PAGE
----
Designing Goals


Be it individual, or corporate or even government run organization, they all need goals. Most of us grow up listening to people about how important it is to have goals, and all the nice things about keeping performance in check through goals. So all that while most of the information that we receive about goal setting is reinforcing the same basic issues.

What we come to learn at a management school is something that is very much applicable in effective goal design and setting. Goals should be S M A R T. The acronym stands for Specific, Measurable, Attainable, Realistic and Time-bound.

If smart goal designs are understood and implemented, this could lead to a huge degree of change in the results.

Specific means you provide a quantifiable figure to your goal. For instance, increasing profitability by 10% for instance, rather than targeting higher profits.

Measurable means that you keep checking in to your target and current state and gauge the difference to note your progress. One, it motivates you toward achieving your goal and Two, it acts as a warning sign if you are going off.

Attainable is a bit tricky, however, to put simply, goals should be achievable given the resources that you have in terms of time, effort, finances, energy, skillset, etc. Here, also important is the open acceptance of goals, not imposed acceptance.

Realistic is to say that these should neither be too easy nor be very difficult, as in both the cases most people will lose their drive and stop working hard enough.

Time-bound is an important fifth pillar of SMART goals. All goals should be linked to a time component to see if work targets have been met in time.

On the finishing note, in order to increase goal effectiveness, make sure you write down your SMART goals. Once you have it written, it comes as a reaffirmation of your conviction in the goals and would increase the chances of success of your planning endeavor.

Evolution of Freelancing

Freelancing is not a new phenomenon. It has been there from the time people started working and using currency; only the form of work was different. Initially, all temporary work, mainly labor work, was done by freelancers (daily wage workers), then came the era of project-based freelancers (contractors) which especially gained momentum in the field of real estate development and property building and finally people started to use flexi-working as a form of freelancing where some people specialized in handling short-term gigs, rather than then-stable fixed, regular jobs.

Back in the day when internet was not very common, the concept of telecommuting was not very popular largely because it was not quite practical. When internet came in, people started to use it as an entertainment and communication vehicle, however, in no long time did people realize the kind of opportunities they could grasp through working online. Everything started to turn on the internet from photography to writing to coding. However, the idea of getting work done online as well as working online did not click with many of the professionals.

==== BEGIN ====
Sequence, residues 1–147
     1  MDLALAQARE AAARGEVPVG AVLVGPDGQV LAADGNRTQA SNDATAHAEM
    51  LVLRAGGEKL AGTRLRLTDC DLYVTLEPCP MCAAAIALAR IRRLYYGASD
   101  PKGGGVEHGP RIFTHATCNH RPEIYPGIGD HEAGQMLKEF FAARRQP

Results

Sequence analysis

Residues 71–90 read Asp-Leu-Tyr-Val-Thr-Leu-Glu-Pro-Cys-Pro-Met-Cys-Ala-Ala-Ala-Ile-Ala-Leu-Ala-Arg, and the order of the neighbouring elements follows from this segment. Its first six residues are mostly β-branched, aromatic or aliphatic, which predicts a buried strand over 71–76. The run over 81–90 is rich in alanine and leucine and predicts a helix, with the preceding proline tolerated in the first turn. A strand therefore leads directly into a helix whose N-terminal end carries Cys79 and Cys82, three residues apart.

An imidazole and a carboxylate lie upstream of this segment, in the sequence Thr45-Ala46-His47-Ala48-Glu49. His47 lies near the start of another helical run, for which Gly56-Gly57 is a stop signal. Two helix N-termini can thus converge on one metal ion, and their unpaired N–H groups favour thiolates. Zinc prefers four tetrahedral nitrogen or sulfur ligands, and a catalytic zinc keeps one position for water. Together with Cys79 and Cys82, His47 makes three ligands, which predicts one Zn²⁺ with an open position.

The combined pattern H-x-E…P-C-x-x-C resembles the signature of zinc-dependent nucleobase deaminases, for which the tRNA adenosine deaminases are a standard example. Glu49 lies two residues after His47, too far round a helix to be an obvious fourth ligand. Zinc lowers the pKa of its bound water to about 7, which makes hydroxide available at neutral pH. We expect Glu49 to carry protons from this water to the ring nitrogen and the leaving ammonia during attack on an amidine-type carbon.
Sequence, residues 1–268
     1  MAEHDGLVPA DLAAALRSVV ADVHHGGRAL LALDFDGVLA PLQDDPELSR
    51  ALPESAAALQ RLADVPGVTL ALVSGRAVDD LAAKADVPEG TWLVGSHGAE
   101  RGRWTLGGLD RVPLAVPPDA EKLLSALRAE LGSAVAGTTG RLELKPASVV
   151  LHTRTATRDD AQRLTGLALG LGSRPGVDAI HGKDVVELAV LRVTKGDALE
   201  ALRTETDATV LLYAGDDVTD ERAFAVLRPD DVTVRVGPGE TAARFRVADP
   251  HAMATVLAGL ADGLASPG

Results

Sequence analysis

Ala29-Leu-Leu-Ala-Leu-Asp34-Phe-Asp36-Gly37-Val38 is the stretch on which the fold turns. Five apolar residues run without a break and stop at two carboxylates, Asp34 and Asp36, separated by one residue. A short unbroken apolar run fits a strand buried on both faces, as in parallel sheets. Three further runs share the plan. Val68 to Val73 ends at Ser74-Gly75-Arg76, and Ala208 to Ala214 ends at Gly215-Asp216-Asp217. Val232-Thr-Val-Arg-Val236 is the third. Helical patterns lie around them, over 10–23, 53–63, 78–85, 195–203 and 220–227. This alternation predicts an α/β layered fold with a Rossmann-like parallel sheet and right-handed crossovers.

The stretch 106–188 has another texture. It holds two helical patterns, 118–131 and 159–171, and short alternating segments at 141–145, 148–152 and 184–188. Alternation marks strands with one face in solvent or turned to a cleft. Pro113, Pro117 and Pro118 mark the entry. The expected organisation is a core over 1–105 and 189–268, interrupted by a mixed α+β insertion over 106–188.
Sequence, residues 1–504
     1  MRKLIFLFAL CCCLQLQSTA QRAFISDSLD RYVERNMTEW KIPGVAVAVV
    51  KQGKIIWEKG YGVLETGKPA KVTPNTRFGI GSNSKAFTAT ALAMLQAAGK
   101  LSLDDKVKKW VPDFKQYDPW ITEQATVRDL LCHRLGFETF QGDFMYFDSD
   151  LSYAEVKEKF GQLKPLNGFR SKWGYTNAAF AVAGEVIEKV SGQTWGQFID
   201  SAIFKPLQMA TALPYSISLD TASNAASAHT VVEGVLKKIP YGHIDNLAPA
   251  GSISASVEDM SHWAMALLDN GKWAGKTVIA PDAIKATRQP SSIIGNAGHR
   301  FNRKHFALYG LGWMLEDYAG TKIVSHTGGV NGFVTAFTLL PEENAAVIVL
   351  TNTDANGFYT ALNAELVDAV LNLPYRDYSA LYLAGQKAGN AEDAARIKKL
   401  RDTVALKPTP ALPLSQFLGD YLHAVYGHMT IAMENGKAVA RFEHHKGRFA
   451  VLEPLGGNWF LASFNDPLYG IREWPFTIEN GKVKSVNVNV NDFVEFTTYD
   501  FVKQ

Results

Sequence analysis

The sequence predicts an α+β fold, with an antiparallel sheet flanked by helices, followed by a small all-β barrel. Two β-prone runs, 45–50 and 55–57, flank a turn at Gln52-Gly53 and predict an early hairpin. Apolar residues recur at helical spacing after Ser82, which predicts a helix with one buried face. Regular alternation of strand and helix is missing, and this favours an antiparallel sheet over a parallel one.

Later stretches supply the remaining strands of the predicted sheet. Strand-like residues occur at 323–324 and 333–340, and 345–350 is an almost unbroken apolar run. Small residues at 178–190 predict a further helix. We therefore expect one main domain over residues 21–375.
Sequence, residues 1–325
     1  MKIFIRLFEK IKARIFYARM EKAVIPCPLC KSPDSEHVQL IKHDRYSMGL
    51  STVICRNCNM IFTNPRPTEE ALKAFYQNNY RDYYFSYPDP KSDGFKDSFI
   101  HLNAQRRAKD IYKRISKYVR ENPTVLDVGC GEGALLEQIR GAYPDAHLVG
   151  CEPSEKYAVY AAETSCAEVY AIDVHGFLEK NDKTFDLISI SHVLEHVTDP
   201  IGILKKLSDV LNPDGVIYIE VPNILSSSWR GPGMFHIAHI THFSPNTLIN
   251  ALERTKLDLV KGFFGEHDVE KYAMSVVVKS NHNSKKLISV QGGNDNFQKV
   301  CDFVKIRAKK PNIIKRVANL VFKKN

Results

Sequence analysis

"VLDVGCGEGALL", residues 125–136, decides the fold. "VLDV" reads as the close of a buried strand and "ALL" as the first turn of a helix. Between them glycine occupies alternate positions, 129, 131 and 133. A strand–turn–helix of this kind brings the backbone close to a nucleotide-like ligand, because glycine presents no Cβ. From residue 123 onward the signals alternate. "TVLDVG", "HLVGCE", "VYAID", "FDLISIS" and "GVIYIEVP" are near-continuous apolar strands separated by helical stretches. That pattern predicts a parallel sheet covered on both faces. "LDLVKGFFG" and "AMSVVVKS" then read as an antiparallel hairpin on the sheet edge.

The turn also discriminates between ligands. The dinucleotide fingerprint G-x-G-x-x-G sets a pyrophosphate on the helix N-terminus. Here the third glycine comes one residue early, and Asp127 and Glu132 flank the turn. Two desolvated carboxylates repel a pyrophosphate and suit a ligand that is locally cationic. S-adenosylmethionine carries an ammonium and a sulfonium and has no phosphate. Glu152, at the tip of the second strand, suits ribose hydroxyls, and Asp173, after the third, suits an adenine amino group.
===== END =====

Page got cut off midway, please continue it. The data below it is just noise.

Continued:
When people started to notice significant other players jumping in, the utility of the online marketplace went up as now there were more and more opportunities to work online or combine a chunk of your work with online work and enjoy the perks of telecommuting. As every other bandwagon appeal, the concept picked up amongst the buyers and sellers of all kinds of work. With so many players in the market and little background to judge the people on, the costs went down and quality started to get compromised on many deals. So, again, many of the players went back to real world or at least mixed their portfolio to have some “real” players and some online. For instance, buyers kept hiring offline and online and freelancers kept searching for work on internet as well as in the real world.

Meanwhile, some freelancers kept working hard to build their online repute. They changed the web space overall. Now, in the web space, freelancers fall into two main categories in every domain: the good ones and the not-so-good ones. Until the new, struggling ones don’t fall into the first category through sheer effort, hard work and dedication, they are considered a probable part of the second category.

For the not-so-good ones, the road is rough and much work need to be done. Sometimes, they would also need to put up a lot of effort and search work offline too.

For the good ones, it’s far more interesting, and a lot more paying. They often have queues of buyers who are willing to pay a premium for the brand these good providers have developed.

However difficult it might be, one thing is certain that a lot of hard work and time need to be devoted with a clear vision and focused approach to register a mark into the first category.